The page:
Once I crossed 537, Business 33 was smooth sailing and I picked up route 79 north, got through a couple of lights in town, got out of town and up 79 to East Freehold road and the YMCA is right there. As we traveled up 79, Kenny commented, "I bet we are going to be the only ones who make it there, Mom, because you know all the roads." Whew, that's something I needed to hear because I was feeling pretty bad and frustrated.

Pulled into the parking lot at 4:30 and made it to the classroom by 4:40. 50 minutes of driving, Google says, about 8 miles. The real mistake was trying to get through Englishtown. And maybe the wait at 527 and 33 would not have been bad enough to justify going back to Woodward. But, the big stumper was route 9's closure. I always refer to it as "the nightmare on 9" because of two separate construction projects for the past three years.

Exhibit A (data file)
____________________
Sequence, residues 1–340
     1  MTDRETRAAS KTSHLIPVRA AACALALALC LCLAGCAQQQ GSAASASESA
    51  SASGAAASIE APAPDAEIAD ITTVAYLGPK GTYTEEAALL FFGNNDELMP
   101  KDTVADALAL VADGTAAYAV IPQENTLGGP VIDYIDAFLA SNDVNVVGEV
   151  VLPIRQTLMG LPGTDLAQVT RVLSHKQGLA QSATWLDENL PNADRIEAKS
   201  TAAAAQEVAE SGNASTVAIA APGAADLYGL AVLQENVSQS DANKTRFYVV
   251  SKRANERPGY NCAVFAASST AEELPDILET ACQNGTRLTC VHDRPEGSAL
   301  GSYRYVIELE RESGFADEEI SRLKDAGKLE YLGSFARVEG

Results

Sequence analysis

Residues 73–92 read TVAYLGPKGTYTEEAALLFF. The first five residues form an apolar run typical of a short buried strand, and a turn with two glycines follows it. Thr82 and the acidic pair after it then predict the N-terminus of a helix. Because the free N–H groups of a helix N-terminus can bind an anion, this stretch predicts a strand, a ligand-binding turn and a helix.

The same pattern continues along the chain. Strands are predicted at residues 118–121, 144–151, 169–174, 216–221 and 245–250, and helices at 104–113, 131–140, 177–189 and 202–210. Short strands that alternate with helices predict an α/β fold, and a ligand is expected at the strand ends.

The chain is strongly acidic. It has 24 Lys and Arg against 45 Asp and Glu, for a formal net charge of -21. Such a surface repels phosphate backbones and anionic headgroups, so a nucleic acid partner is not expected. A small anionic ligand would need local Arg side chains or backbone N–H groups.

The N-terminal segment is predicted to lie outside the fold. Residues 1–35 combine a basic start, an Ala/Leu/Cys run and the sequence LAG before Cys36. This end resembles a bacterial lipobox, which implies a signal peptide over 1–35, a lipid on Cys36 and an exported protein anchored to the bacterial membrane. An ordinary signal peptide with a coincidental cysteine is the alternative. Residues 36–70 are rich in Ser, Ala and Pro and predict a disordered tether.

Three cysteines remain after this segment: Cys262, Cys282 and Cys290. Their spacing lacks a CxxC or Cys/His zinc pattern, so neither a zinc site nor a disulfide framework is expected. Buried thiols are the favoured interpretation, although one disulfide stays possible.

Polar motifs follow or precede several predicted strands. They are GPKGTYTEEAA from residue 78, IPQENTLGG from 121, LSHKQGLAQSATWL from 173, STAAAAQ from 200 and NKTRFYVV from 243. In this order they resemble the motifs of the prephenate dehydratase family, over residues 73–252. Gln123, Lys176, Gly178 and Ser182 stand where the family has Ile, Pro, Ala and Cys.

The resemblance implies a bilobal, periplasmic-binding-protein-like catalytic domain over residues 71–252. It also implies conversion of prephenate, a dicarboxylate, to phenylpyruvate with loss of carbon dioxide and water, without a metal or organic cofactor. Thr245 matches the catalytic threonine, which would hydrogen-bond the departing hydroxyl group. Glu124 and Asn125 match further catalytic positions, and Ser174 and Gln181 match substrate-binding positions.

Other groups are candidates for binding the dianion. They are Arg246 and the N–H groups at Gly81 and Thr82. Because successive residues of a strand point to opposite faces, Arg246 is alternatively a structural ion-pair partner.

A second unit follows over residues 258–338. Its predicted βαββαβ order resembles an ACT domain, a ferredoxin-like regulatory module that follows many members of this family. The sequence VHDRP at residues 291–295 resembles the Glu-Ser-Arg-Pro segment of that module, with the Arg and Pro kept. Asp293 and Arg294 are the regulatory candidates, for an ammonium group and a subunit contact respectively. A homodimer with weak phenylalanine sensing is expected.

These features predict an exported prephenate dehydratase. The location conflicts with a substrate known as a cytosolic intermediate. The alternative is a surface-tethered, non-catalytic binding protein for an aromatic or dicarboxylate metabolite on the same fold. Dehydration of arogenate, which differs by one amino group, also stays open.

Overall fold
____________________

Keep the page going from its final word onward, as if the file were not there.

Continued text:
And do you want to know about getting home? They wanted McDonald's again, just like last week. Well, traffic on route 9 southbound, towards the closer McDonald's, was all backed up to the Wegman's. Very, very unusual. So, I went North on 9 to Marlboro and took them to the McDonald's near 520. Then, not wanting to go through Tennant again, I tried to take 520 home but Texas Road is detoured.

I must have taken a wrong turn or followed the detour without realizing it because the next thing I knew, I was on 527 south, going through Englishtown. And it looked as if the traffic congestion in Tennant was cleared up. We got home 30 minutes later than usual and, for the most part, the two younger boys were ready for bed. And the eldest, after doing his homework, he went right to bed too.